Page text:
Assuming proper capitalization and diligence in establishing the original business concept as a franchise sytstem, in my opinion, there are two simple reasons for franchisor failure.
One, franchisors don’t treat the franchise relationship as an interdependent realtionship where success at all levels in the organization is dependent on each party to the franchise agreement. Ignoring this fact causes franchisees to feel they’re treated like unappreciated employees, breaks down communications and ultimately fractions the system itself. This results in untimely royalty payments and focuses franchisor’s attention on collections and possible legal actions.
Second, franchisors, especially startups, whether out of necessity or overzealousness, use the practice of checkbook franchising. That’s the difference between selling a franchise and awarding a franchise. Just because a franchise candidate has the funds doesn’t mean he will be successful as a franchisee. Too many of these franchisees cause problems in all areas and affect the system as a whole resulting in closed units and legal problems. Both of which must be disclosed in disclosure documents that ultimately affects franchise sales.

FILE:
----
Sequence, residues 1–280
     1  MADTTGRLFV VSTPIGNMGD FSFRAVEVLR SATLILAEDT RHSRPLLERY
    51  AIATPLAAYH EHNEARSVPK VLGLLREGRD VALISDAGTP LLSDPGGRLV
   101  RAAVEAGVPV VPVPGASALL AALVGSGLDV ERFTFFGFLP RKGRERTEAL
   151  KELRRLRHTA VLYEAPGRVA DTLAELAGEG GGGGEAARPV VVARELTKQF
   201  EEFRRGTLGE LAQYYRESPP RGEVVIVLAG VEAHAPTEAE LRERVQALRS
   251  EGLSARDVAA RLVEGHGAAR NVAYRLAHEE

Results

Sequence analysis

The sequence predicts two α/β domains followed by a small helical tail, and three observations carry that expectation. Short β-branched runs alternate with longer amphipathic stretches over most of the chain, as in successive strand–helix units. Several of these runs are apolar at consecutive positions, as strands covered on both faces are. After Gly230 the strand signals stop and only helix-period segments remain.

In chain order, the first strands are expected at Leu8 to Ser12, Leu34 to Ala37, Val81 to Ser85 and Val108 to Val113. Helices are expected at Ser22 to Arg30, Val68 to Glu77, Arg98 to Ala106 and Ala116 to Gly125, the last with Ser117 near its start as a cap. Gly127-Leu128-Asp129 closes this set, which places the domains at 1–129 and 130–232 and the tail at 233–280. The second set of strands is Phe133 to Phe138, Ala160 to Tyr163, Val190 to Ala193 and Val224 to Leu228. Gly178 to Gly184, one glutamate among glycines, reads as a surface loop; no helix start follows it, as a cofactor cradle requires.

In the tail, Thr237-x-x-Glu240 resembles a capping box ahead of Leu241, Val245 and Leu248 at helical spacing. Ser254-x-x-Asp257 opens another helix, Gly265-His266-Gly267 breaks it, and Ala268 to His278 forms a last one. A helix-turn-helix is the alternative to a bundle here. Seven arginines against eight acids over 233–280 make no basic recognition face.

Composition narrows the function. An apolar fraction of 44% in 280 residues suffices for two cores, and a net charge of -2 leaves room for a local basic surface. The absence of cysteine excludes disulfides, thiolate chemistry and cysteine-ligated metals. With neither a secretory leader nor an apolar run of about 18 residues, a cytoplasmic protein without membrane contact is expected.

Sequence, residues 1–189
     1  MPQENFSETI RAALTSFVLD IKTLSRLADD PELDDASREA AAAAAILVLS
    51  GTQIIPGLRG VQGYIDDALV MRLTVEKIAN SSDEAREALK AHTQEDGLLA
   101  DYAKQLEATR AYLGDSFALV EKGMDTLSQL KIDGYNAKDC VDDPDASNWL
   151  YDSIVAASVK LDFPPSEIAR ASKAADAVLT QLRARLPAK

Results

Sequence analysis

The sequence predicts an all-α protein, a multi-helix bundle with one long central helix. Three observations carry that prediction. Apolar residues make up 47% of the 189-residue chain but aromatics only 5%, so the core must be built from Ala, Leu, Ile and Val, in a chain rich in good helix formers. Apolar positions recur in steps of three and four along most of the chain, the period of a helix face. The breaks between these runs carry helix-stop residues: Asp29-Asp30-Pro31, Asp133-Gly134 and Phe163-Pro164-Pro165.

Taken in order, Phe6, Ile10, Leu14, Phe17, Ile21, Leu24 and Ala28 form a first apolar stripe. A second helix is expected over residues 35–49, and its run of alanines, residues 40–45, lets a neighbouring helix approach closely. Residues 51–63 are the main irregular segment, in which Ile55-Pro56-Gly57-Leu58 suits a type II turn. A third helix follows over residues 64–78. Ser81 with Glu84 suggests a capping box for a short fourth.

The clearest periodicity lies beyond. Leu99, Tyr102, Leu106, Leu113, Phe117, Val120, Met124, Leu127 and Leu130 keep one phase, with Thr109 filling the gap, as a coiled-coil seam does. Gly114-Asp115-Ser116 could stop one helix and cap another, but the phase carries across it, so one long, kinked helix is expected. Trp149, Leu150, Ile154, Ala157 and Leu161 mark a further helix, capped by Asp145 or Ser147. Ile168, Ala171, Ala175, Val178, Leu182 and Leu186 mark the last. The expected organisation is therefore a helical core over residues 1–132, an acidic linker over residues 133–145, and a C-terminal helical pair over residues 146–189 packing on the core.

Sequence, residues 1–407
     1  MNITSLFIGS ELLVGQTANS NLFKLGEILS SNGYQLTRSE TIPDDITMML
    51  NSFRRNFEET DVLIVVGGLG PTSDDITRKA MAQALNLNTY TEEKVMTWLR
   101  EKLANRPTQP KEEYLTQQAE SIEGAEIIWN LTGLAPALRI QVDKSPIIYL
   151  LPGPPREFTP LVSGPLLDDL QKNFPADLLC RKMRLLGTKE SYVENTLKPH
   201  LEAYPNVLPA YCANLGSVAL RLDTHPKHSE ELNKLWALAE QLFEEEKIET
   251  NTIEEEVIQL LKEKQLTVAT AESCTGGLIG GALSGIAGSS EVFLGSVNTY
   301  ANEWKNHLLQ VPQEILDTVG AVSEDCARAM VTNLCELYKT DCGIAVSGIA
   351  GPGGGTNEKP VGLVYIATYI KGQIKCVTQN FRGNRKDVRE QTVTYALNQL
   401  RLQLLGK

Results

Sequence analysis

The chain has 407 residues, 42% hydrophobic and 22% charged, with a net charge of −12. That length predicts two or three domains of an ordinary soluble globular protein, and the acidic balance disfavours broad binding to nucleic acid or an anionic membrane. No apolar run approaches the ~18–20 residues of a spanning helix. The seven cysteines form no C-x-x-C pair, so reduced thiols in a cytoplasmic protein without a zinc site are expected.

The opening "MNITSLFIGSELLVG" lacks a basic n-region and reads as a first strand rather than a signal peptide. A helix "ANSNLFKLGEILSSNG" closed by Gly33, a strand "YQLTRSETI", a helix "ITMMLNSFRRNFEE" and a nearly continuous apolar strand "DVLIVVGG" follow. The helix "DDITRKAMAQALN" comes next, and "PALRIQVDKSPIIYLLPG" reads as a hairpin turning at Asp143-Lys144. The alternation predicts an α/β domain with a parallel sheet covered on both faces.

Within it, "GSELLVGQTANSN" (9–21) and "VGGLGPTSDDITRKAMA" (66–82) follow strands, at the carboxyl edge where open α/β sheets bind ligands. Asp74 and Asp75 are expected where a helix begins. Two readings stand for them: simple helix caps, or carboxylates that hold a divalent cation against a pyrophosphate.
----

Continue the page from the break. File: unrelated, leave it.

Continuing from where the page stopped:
In the end, franchisors experience reduced revenue streams in both royalties and franchise fees while increasing legal expenses. Once this cycle begins it’s extremely difficult to stop without drastic change.